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2-Party Mortgage:How can 1 party be released from mortgage?

Posted on: 17th Jun, 2007 10:24 am
My current mortgage is in two names and own a home in Washington State.. The other party, Lisa, wants to be released from the mortgage, deed, etc. since she is moving to the east coast. How can this be accomplished?
hi klezma,

welcome to forums.

first of all, if lisa wants to take her name off the deed, you can ask her to sign on a quitclaim deed and pass on her share of property-interest to you. and, in order to get her name out of the loan, both of you will have to talk to the lender and find out if he allows you to do so.

the lender may allow you for a novation, if he finds that you are creditworthy enough to manage the loan yourself. otherwise, he can suggest that you refinance the loan in your name and sign on the deed at the time of settlement such that you get the ownership rights on the property.

thanks.
Posted on: 18th Jun, 2007 12:11 am
Thanks so very much for your speedy reply. I will contact the lender today as you suggested. My credit is excellent, but Lisa's is not. Will doing this damage Lisa's credit further? Thanks again.
Posted on: 18th Jun, 2007 08:28 am
Hi Klezma,

As your credit is better than Lisa's it will be easier for you to qualify for refinance, though I need more information to tell you if you would be able to qualify for the refinance or not.

Refinancing the loan in your name will not damage her credit. Credit gets damaged only when you are not making timely payments on your debts or not paying them at all.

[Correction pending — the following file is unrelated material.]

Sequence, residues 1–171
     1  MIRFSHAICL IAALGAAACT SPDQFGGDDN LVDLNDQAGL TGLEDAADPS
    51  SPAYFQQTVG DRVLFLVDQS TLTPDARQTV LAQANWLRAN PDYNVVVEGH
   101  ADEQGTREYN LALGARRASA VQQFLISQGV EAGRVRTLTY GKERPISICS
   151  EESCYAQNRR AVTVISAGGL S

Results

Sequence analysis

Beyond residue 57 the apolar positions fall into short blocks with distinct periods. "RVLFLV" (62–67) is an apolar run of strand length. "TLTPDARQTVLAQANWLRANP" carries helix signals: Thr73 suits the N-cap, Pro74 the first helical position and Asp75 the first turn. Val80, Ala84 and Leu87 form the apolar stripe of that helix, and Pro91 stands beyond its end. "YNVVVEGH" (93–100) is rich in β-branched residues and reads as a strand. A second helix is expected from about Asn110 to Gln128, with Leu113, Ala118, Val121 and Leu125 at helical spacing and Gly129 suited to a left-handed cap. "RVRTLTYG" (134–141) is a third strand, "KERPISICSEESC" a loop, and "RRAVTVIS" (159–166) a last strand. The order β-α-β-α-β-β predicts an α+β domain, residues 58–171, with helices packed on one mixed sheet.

Contact your mortgage company & tell them that you want to get the house in your name and mortgage be refinanced in your sole name. They will check your profile and tell you whether it would be possible or not. If everything is alright then they will give the go ahead.

Miller
Posted on: 18th Jun, 2007 11:56 am
"Thanks so very much for your speedy reply. I will contact the lender today as you suggested. My credit is excellent, but Lisa's is not. Will doing this damage Lisa's credit further? Thanks again."
Property transfer as well as refinance will not affect her credit.

Possibility of damage to credit arises only when someone stops paying his/her debts.

But in your situation she will be relieved of her responsibility of making the mortgage payments.

Sherrell
Posted on: 18th Jun, 2007 05:04 pm
the co-owner on the mortgage refuses to make any more payments toward the mortgage. she abandoned the premises in early january 07. do i have any rights? i requested she agree to a quit claim deed, but she will not agree.
Posted on: 27th Jun, 2007 03:04 pm
Klezma,

If the co-owner is not making the payments you will have to continue the payments or else your credit score will go down along with co-borrower's.